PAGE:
Every eighth full-time worker in Denmark is a foreigner

In related news, almost 60 percent of Ukrainians who fled to Denmark to escape the War in Ukraine have found employment

According to new figures from the Agency for Labour Market and Recruitment (ALMR), foreign workers are an increasing part of the Danish labour force.

The figures reveal that 12.2 percent of full-time workers in Denmark in 2022 were foreigners – up from 5.7 percent in 2008.

That’s the equivalent of an additional 175,000 full-time foreign workers over the past 14 years.

“It means that foreign labour has really carried a lot of weight – in terms of labour market progres and economic growth,” Niklas Praefkem, an economist with union organisation Lederne, told TV2 News.

“Without foreign labour, we wouldn’t be as well off in Denmark as we are now.”

A survey from Lederne, a union for business leaders, also revealed that 28 percent of members said they wouldn’t be able to run their companies without the help of foreign workers.

Sectors that enjoy a particularly high frequency of foreign workers are agriculture, forestry, fishing, hotels and restaurants.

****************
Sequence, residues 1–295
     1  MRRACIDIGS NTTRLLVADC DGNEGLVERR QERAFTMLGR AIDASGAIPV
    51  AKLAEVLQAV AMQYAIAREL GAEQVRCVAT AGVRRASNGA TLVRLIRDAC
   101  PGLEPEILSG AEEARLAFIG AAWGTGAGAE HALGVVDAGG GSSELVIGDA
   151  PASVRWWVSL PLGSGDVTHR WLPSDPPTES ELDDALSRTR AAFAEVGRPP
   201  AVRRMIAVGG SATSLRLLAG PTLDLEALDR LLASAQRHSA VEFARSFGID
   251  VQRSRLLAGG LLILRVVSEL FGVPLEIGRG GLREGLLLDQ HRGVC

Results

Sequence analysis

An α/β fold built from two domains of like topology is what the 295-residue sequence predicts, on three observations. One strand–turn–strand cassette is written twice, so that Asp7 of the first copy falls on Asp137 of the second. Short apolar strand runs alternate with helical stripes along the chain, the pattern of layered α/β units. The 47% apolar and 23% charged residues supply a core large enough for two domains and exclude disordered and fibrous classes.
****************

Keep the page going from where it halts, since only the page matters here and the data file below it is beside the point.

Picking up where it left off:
READ ALSO: More non-western foreigners finding work

Ukrainians eager to work
Figures from ALMR also showed that the Ukrainians who fled to Denmark to escape Russia’s invasion have not been idle.

Of the almost 12,500 who have been granted residence in Denmark and who municipalities consider work-ready, 7,218 (58 percent) have found jobs.

It’s up to individual municipalities to ascertain whether someone is work-ready based on their qualifications, competencies and development potential. But they must be aged 16-66.

Language is one of the biggest barriers keeping Ukrainians from finding work and the employment minister, Ane Halsboe-Jørgensen, said the government wants to get more into language courses.

The top 10 sectors in which Ukrainians have found work are:

– travel, cleaning or other service

– hotels and restaurants

– agriculture, forestry and fishing

– trade

– industry

– construction

– transportation

– health and social services

– other services sectors

– education